The Lost Art of Estimation.

One memory that has always remained clear in my mind was from the first few weeks of engineering degree. Sitting in an introductory electronics class the lecturer began by throwing some rudimentary math our way and lamented how we were quick to grab our pens and paper or calculators to work out the exact answer. It was a clever way of showing us how much we relied on technology to do our thinking for us and so the next week was spent teaching us methods of estimating values, working out rough solutions to equations and educating us in the ways of solid guesswork. After a while it became second nature to us engineers (all 10 of us!) and I don’t think any good engineer would be without it.

I hadn’t really thought about it until I was dicussing LED backlit TVs with some of my friends over lunch. The basic premise of the technology (I’m not going to talk about edge LED backlighting, that’s cheating) is that instead of using what amounts to giant fluro tubes to light up the screen for each individual pixel you use either a single white LED or a RGB LED array. I imagined what the sales pitch to the higher ups must’ve been when they were trying to make a full 1080p display, saying that the amount of LEDs would have been huge. One of my friends then whipped out his phone to calculate it (instantly bringing back the university memories) and instantly the engineering estimator kicked in and I came out with about 6 million LEDs to make up the panel. The actual figure is 6220800 (1920 x 1080 x 3), which made me feel like I’d earned a fair whack of geek cred for being able to guess that close without a calculator.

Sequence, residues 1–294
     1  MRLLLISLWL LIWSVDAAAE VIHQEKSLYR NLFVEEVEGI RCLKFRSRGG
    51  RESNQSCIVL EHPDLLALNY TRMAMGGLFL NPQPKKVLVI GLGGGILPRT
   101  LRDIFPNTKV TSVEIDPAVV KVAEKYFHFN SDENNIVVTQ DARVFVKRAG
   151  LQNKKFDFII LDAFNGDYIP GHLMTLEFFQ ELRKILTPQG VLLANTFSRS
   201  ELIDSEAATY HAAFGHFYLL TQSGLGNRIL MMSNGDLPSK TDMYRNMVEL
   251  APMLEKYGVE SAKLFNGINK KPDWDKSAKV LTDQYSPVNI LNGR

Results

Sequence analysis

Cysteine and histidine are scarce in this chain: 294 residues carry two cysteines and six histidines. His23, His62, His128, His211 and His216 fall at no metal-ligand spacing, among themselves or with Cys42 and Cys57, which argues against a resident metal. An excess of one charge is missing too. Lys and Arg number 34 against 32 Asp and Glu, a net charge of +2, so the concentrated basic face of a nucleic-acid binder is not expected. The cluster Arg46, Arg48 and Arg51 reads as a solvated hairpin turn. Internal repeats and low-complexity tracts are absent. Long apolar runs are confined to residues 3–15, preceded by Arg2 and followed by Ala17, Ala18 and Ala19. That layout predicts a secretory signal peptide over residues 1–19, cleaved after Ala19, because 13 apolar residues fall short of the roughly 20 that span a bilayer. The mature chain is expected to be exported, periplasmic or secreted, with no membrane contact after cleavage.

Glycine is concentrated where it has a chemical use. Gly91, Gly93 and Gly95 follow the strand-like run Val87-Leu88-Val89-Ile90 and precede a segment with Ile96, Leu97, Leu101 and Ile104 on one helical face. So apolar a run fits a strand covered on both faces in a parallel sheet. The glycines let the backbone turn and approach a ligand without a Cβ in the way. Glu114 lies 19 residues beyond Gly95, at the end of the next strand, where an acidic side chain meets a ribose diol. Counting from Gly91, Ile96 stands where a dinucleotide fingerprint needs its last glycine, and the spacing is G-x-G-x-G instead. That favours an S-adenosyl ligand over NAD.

It’s not just party tricks like doing insanely large multiplcations in your head that estimation is good for. Most of the time I spent in the labs at university were trying to get some electronic widget to give the correct output. Now all the equations you’re taught are based on perfect models, so you’re never going to get exactly where you want. That’s where estimation comes in handy, if you know your inputs and can hazard a rough guess at the outputs it can save you hours sitting down and working out the actual output. If everything comes out inline with your expectations then you can go back and verify your results using the equations, otherwise you know you have to rework your experiment.

Although the real scientists would argue that’s what research assistances are for 😉

In the real world where project managers and higher ups demand estimates to ensure resources are allocated appropriately being able to come up with figures quickly is one skill that’s saved me countless times over. It’s one of those things that once you learn you never really think about again as the answers just start popping into your head, kind of like muscle memory but in your brain. Plus being able to do large multiplications in your head is a sure fire way to get all the ladies.

Well, that’s what my lecturer told me anyway 🙂

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